Shadows and Fog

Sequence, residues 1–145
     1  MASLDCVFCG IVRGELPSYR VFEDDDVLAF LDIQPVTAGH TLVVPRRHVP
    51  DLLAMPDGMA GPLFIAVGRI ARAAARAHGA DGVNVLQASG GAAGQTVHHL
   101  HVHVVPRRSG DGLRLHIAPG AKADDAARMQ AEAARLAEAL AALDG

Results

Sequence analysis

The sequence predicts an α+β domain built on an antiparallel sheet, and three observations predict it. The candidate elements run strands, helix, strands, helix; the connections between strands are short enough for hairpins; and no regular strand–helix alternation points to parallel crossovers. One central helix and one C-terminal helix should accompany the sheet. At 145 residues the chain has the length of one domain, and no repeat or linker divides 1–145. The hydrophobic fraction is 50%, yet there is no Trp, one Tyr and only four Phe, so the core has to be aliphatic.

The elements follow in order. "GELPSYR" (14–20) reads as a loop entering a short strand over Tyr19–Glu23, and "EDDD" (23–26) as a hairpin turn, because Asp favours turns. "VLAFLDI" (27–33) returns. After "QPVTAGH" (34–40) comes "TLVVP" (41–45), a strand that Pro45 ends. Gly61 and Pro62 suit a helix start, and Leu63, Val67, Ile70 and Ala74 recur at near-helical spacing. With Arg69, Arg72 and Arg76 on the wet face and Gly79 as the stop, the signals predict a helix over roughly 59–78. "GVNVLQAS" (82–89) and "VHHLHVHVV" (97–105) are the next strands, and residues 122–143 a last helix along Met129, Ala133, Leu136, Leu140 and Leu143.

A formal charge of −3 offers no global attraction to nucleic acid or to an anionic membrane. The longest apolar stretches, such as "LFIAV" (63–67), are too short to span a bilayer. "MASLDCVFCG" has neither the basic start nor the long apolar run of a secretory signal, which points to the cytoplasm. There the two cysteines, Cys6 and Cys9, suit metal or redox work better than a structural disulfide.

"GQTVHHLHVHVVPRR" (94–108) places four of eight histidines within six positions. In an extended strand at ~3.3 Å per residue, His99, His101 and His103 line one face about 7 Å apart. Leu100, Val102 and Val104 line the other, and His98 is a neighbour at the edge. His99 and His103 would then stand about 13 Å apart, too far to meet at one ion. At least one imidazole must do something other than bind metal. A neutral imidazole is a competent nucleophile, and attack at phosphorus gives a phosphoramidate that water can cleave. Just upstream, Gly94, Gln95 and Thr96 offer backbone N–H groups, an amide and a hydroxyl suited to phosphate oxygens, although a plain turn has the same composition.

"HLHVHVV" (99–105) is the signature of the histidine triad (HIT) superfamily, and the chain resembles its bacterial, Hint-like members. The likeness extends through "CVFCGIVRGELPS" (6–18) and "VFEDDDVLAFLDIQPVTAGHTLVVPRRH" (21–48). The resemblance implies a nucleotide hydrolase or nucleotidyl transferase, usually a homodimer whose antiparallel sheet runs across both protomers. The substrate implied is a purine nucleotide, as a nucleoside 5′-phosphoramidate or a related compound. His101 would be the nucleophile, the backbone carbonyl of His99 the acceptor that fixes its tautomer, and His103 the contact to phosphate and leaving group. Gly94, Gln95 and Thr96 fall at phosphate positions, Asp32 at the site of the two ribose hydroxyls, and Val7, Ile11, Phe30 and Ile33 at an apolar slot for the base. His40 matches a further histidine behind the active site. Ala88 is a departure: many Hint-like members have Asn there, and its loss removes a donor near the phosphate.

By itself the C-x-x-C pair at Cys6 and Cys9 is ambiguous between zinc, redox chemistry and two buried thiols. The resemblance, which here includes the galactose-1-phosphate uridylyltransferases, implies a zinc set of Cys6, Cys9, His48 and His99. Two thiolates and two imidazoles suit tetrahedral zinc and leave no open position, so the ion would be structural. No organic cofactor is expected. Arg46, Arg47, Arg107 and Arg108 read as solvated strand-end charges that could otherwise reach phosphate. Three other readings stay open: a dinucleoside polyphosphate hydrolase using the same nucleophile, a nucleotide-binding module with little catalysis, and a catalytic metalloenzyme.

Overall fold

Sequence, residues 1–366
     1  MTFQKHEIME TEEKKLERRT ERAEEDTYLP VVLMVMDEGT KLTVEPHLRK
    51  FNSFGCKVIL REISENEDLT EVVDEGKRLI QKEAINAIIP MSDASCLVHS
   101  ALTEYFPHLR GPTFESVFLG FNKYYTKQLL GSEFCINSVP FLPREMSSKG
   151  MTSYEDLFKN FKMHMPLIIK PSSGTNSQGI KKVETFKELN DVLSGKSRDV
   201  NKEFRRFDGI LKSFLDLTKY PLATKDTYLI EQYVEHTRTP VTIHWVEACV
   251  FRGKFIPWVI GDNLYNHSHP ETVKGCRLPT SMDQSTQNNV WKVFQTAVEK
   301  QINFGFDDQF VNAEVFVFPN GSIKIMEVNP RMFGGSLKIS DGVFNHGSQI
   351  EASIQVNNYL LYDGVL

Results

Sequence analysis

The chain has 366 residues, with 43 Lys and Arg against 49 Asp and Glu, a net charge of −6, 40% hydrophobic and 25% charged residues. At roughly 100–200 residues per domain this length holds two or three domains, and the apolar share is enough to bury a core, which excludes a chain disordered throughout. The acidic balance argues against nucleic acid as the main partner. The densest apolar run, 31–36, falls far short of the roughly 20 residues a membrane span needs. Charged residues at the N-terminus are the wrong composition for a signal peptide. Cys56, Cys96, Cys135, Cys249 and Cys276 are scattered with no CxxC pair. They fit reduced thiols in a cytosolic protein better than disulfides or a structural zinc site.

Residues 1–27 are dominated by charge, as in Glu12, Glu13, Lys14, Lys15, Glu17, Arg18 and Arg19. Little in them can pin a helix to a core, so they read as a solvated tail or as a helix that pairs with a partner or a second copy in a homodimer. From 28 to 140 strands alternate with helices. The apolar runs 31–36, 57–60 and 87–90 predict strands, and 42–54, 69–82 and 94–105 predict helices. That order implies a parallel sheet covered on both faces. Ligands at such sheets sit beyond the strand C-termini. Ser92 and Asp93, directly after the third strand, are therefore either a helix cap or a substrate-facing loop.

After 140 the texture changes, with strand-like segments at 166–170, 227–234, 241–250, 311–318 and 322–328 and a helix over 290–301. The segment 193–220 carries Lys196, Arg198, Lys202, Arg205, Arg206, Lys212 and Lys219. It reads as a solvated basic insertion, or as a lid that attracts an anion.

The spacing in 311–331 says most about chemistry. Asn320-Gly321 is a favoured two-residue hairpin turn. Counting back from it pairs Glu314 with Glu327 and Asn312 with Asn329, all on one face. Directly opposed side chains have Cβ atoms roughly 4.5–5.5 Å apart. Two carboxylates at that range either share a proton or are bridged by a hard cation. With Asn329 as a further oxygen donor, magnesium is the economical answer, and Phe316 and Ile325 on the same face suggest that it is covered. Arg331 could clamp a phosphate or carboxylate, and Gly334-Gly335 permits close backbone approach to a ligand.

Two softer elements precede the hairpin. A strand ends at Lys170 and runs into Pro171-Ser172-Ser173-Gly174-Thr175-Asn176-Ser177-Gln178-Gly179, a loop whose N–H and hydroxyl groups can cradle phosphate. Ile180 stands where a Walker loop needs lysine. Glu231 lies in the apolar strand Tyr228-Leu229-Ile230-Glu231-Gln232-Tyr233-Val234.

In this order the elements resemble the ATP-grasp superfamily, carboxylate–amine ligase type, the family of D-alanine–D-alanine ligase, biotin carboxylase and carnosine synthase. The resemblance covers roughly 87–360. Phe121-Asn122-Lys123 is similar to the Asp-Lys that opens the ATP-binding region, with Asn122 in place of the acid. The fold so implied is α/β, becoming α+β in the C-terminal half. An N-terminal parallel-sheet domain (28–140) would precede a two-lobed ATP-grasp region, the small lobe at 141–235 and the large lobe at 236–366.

Kafka’s work always are ripe fodder for filmmakers. Woody Allen gives it a good go in this film, in particular with The Trial. Woody Allen’s films fall into three camps: absolutely amazing, pretty good entertainment, and lame. This film falls squarely into pretty good entertainment. Although this film does not bring anything unique to the genre he plays with or to the characters he deals with, I do have to admit that I love to watch Woody Allen bumble around. This gives him the perfect opportunity to. He plays a bookkeeper who gets woken up in the middle of the night by his neighbors in order to bring him into a plan to catch a serial killer. They tell him that they have a mission for him, but when he tries to meet up with them later, he keeps being misinformed. He then meets a runaway from the circus and they explore the town late at night through the shadows and the fog. This film also deals with the outright malice to Jewish people who happened during the late 1800s and early 1900s until World War II. It deals with prostitution, love vs. lust and babies.  This film showcases some of the best character actors including Wallace Shawn, John Malkovich, Donald Pleasance, and Lily Tomlin. It is a good film. If you don’t have anything better to do for the next hour and half, I would suggest watching this film.

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